Plaintiff requested that testimony from nine inmates be taken as part of his defense. (Plntf's Rule 56 Stmt. ¶ 25; R. 163). None of the inmate witnesses whose testimony was sought by Plaintiff resided at Southport. During the hearing, Kearney indicated that several of the inmates had refused to testify and Kearney reviewed the refusal forms with Plaintiff. (R. 168-170). Kearney also indicated that two inmates, Sales and Vasquez had agreed to testify, and a third inmate, McKinney had submitted a written statement. (R. 173-74). At some point during the hearing, Plaintiff was removed for being disruptive. The incident leading to Plaintiff's removal was not recorded. Shortly after the incident, however, Kearney placed the following statement on the record:

The time is 1:42 p.m. I was just about to reconvene the tier hearing on Webb, Michael, Webb 90 Alfa 4906. Mr. Webb came into the uh hearing room, refused to speak to the hearing officer, and then un referred to the hearing officer as another one. Stating that I was a house nigger. Uh the inmate has been removed from the hearing room. I am going to continue the hearing without inmate Webb.

(R. 186).

During the remainder of the hearing, Kearney telephoned Attica Correctional Facility and attempted to elicit testimony from inmates Sales and Vasquez.*fn10 (R. 186). Kearney's discussion with inmate Sales was recorded. The portions of Sales' responses to Kearney's questions reveal that Sales had no recollection of the incident. (R. 186). Other portions of Sales' responses were inaudible. The recording indicates that inmate Vasquez was also asked various questions but Vasquez's responses were not audible on the tape. (R. 186). In a summary of the questioning of the inmates, Kearney stated that he took testimony from inmate Sales and that inmate Vasquez initially disclaimed knowledge of the incident and then claimed to be unable to speak English. (R. 155). Kearney also heard testimony from Lt. Dixon, who did not see the beginning of the incident (and hence could not testify as to whether Plaintiff had committed the assault) but who witnessed the attempts to restrain Plaintiff.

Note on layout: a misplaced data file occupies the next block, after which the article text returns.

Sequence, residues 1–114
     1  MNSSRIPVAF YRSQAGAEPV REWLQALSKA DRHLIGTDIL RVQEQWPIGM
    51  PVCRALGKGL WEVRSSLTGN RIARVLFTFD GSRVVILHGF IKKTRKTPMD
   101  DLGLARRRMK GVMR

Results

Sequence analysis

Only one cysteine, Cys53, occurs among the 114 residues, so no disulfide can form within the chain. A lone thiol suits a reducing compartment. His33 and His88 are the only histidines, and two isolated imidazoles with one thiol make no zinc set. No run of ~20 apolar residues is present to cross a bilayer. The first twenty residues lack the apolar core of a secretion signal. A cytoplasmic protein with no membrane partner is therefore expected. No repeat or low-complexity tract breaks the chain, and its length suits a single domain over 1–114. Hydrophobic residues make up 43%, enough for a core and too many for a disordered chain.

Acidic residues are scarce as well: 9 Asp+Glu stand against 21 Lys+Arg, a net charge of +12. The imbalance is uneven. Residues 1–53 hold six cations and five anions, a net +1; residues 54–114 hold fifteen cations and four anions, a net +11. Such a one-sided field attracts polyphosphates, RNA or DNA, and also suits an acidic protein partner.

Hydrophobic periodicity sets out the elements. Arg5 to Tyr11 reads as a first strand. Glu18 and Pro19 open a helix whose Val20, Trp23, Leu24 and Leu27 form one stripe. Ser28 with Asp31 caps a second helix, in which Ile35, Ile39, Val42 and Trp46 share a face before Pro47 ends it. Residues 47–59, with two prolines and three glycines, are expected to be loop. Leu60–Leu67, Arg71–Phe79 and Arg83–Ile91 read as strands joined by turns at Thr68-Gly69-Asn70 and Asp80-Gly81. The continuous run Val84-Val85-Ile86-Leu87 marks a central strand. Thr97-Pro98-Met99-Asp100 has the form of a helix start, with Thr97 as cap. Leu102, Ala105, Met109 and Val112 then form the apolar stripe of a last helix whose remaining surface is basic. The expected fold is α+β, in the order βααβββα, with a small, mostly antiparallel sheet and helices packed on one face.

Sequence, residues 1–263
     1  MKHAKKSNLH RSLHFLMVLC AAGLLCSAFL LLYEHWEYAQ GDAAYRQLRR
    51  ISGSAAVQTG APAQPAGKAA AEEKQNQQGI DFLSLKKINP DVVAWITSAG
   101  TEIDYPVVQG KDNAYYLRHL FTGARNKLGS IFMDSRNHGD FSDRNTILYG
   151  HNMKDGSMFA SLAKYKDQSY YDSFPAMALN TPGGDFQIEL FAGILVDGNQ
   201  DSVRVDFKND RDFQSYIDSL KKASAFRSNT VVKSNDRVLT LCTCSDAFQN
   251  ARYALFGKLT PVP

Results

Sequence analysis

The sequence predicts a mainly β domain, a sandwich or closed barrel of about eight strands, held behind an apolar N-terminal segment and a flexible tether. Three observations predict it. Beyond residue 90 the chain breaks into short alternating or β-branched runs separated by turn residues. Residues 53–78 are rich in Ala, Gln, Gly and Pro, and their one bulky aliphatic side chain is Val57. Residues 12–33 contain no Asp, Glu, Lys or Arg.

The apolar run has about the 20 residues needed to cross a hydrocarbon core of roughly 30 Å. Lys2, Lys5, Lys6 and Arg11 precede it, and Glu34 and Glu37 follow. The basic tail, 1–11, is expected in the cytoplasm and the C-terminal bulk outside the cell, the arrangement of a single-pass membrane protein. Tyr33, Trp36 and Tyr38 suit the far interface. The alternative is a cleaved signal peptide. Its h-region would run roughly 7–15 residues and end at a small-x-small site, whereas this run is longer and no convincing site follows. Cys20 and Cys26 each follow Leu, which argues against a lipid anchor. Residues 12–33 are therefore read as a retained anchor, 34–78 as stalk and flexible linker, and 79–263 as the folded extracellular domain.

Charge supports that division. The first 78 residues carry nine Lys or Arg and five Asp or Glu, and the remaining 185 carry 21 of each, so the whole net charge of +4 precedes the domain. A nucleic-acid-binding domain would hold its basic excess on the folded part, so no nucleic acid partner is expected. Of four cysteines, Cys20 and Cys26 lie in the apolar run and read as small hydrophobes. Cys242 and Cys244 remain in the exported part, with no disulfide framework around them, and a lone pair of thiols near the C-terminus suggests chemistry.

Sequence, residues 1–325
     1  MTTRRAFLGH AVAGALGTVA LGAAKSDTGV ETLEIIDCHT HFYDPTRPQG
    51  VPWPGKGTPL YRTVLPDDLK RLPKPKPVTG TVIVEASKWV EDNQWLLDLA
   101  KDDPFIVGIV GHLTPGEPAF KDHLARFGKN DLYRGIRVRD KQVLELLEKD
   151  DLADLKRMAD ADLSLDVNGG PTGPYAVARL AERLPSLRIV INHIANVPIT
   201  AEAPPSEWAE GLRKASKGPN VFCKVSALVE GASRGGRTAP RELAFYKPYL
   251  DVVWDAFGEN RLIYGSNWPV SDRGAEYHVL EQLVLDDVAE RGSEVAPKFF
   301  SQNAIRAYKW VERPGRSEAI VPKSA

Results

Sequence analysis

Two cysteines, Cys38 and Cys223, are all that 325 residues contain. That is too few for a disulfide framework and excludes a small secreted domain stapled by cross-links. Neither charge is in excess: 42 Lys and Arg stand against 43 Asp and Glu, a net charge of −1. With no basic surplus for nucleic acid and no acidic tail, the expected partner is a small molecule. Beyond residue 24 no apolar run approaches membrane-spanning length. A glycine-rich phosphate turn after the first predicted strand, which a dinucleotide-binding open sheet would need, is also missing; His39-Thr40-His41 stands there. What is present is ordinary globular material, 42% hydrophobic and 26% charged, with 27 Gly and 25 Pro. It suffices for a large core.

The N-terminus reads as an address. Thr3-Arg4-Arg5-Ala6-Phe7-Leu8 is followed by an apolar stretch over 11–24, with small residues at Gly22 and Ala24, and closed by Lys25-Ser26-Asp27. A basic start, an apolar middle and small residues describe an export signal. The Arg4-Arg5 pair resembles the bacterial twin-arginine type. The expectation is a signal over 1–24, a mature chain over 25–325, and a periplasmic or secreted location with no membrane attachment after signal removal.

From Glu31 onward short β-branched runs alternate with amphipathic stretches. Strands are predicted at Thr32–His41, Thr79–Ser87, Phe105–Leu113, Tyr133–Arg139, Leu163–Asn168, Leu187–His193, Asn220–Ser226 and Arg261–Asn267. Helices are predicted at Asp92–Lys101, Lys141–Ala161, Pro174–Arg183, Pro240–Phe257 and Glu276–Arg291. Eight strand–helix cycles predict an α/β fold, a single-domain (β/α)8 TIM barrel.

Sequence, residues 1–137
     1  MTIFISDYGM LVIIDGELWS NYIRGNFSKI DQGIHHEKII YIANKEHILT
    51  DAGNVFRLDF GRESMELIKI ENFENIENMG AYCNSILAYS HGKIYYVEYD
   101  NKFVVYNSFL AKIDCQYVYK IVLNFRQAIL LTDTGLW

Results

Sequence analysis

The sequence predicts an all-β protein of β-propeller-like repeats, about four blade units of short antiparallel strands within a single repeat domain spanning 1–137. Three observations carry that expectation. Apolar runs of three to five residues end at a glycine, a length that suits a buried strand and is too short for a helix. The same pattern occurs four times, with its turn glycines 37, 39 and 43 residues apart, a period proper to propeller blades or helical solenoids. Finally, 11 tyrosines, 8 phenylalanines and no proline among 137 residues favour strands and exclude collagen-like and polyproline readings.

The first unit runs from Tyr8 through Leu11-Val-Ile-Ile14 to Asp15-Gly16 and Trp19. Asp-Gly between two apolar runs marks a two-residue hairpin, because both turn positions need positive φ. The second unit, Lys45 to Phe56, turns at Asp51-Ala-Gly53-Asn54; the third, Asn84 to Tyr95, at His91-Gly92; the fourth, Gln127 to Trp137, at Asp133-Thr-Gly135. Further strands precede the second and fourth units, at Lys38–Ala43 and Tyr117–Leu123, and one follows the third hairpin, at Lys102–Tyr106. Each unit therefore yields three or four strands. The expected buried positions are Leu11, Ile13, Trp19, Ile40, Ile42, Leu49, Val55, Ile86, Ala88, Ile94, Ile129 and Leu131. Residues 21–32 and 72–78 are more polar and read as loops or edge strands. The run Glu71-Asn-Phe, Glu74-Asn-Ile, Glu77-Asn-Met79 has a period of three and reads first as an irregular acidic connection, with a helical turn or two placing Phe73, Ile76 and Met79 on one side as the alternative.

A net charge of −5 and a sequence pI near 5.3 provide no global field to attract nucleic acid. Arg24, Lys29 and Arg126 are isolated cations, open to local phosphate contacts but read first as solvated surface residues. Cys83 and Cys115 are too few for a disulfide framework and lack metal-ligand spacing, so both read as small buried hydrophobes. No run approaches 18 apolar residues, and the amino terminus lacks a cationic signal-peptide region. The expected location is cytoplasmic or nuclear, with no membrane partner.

At the conclusion of the rehearing, Kearney adjudged Plaintiff guilty of assault on staff, violent conduct and interference with an employee*fn11 and imposed a penalty of 465 days in the Special Housing Unit ("SHU") and loss of other privileges, and recommended the loss of 12 months of good time credits. (Plntf's Rule 56 Stmt. ¶ 39; R. 190). Plaintiff appealed that determination to defendant Selsky who affirmed the determination and penalty on November 13, 1998. (R. 196). On June 4, 1999, however, Selsky reduced Plaintiff's penalty to 12 months in the SHU and loss of 12 months good time. (R. 197-98). Plaintiff filed an Article 78 proceeding challenging his August 1998 rehearing and, on December 21, 1999, the New York State Supreme Court, Chemung County, vacated the guilty determination and ordered expungement based on Kearney's failure to comply with state law requirements that he verify the inmates' refusals to testify. (R. 199-201).*fn12

Plaintiff contends that his procedural due process rights were violated by Nagy's failure during the 1997 disciplinary hearing to call the facility physician rather than a nurse as a witness, and by Kearney's failures during the 1998 disciplinary hearing to (1) verify that the inmate witnesses called by Plaintiff had actually refused to testify; and (2) preserve on the record the reasons why testimony was not taken from inmate witnesses Sales and Vasquez; and (3) improperly removed Plaintiff from the hearing. Plaintiff argues that Selsky ...

Buy This Entire Record For $7.95

Download the entire decision to receive the complete text, official citation,
docket number, dissents and concurrences, and footnotes for this case.

Learn more about what you receive with purchase of this case.